American Political Science Review



ARTICLES

The Strategic Logic of Suicide Terrorism


ROBERT A. PAPE a1
a1 Associate Professor, Department of Political Science, 5828 South University Avenue, The University of Chicago, Chicago, IL 60637 (r-pape@uchicago.edu).

Abstract

Suicide terrorism is rising around the world, but the most common explanations do not help us understand why. Religious fanaticism does not explain why the world leader in suicide terrorism is the Tamil Tigers in Sri Lanka, a group that adheres to a Marxist/Leninist ideology, while existing psychological explanations have been contradicted by the widening range of socio-economic backgrounds of suicide terrorists. To advance our understanding of this growing phenomenon, this study collects the universe of suicide terrorist attacks worldwide from 1980 to 2001, 188 in all. In contrast to the existing explanations, this study shows that suicide terrorism follows a strategic logic, one specifically designed to coerce modern liberal democracies to make significant territorial concessions. Moreover, over the past two decades, suicide terrorism has been rising largely because terrorists have learned that it pays. Suicide terrorists sought to compel American and French military forces to abandon Lebanon in 1983, Israeli forces to leave Lebanon in 1985, Israeli forces to quit the Gaza Strip and the West Bank in 1994 and 1995, the Sri Lankan government to create an independent Tamil state from 1990 on, and the Turkish government to grant autonomy to the Kurds in the late 1990s. In all but the case of Turkey, the terrorist political cause made more gains after the resort to suicide operations than it had before. Thus, Western democracies should pursue policies that teach terrorists that the lesson of the 1980s and 1990s no longer holds, policies which in practice may have more to do with improving homeland security than with offensive military action.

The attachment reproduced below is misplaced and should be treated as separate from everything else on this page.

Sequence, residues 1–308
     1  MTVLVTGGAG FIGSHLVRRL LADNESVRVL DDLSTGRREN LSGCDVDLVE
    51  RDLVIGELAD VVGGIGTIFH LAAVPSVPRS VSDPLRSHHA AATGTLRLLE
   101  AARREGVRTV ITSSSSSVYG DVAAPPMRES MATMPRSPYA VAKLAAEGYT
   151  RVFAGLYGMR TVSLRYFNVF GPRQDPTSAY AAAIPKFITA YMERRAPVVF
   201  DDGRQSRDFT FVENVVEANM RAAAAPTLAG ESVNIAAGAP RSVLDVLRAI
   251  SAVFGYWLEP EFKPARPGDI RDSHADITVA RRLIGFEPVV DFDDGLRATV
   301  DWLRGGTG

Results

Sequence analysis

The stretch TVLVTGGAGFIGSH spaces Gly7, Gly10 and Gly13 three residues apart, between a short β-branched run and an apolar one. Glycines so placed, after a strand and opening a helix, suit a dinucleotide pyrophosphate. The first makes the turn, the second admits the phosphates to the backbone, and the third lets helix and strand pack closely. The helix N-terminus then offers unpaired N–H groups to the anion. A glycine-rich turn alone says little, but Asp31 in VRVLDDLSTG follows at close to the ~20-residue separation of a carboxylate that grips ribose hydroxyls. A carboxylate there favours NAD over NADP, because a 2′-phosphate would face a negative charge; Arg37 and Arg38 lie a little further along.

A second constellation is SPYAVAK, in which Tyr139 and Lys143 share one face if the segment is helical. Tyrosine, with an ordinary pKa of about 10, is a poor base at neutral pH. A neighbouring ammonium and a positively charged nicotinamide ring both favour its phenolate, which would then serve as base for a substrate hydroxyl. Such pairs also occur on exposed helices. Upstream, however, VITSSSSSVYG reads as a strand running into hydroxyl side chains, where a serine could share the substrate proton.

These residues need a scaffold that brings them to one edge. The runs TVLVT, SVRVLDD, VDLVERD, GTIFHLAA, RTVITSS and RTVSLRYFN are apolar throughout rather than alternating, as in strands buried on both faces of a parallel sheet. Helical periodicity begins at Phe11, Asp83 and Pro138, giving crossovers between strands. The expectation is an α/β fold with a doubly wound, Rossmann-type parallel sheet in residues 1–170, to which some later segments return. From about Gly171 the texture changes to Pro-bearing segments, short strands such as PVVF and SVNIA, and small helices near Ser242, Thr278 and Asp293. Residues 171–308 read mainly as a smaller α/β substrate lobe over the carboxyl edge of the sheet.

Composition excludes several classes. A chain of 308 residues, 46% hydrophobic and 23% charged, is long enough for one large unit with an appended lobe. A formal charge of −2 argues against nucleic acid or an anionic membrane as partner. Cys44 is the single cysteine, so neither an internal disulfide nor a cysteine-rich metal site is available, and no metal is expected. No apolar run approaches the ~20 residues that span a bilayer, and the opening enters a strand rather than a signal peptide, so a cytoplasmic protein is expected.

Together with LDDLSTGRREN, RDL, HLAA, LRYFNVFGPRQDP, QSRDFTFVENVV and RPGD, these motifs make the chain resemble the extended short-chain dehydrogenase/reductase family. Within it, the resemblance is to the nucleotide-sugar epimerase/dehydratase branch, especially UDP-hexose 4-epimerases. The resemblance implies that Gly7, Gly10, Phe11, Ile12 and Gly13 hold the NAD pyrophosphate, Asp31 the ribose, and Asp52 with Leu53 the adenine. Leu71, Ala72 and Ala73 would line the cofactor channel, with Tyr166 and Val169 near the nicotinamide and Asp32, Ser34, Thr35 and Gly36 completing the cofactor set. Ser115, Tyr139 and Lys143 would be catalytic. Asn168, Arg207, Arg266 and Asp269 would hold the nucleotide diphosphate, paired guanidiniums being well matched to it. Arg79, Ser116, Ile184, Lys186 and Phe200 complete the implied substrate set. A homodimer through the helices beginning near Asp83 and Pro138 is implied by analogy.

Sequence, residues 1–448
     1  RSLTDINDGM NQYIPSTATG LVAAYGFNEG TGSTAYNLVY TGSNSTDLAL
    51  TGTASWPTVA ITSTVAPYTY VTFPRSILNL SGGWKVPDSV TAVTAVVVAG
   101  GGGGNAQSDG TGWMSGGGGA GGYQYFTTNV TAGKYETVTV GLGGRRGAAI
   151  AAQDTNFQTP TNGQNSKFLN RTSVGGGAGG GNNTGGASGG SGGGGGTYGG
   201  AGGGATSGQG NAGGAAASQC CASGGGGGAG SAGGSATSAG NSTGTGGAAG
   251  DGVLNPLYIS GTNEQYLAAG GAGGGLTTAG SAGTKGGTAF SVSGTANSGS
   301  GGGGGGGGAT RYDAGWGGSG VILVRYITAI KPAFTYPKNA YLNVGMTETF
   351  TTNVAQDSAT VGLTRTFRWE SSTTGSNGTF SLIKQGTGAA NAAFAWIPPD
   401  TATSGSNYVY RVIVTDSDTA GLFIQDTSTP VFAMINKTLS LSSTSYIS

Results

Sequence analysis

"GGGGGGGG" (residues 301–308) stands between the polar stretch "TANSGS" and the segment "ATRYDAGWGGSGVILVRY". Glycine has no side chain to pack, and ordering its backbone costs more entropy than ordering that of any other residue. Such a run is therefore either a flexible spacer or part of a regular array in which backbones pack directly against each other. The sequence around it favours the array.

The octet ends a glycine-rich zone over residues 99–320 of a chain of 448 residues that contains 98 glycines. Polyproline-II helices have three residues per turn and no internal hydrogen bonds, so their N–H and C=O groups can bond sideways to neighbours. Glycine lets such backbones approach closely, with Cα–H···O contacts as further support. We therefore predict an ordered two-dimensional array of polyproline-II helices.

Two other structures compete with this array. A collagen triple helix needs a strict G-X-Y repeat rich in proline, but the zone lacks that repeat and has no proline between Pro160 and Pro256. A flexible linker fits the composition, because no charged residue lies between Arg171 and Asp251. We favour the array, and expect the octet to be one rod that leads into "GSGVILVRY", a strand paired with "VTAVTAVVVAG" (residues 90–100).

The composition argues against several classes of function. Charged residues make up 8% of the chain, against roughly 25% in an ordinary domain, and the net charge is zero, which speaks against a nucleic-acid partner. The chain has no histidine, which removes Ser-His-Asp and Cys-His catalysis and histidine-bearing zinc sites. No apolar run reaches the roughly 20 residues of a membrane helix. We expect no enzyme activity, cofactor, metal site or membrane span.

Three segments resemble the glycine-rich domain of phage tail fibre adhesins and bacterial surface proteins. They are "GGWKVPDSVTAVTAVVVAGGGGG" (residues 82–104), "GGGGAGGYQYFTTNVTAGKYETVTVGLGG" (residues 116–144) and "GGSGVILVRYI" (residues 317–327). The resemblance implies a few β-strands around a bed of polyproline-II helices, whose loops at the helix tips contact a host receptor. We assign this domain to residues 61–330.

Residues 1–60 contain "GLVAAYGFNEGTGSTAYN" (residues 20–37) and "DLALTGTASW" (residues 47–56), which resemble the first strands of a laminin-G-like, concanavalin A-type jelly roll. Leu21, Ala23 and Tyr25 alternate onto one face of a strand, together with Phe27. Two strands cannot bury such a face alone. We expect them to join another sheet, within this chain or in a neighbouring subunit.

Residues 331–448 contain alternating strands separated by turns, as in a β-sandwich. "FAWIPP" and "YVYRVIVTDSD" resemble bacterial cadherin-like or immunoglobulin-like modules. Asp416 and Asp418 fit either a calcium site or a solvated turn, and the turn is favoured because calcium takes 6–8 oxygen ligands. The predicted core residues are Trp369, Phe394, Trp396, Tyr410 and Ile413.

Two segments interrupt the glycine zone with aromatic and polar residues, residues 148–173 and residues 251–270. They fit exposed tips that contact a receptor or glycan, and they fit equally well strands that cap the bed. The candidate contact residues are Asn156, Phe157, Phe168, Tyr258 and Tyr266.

Footnotes

I thank Robert Art, Mia Bloom, Steven Cícala, Alex Downs, Daniel Drezner, Adria Lawrence, Sean Lynn-Jones, John Mearsheimer, Michael O'Connor, Sebastian Rosato, Lisa Weeden, the anonymous reviewers, and the members of the program on International Security Policy at the University of Chicago for their superb comments. I especially thank James K. Feldman and Chaim D. Kaufmann for their excellent comments on multiple drafts. I would also like to acknowledge encouragement from the committee for the Combating Political Violence paper competition sponsored by the Institute for War and Peace Studies at Columbia University, which selected an earlier version as a winning paper.



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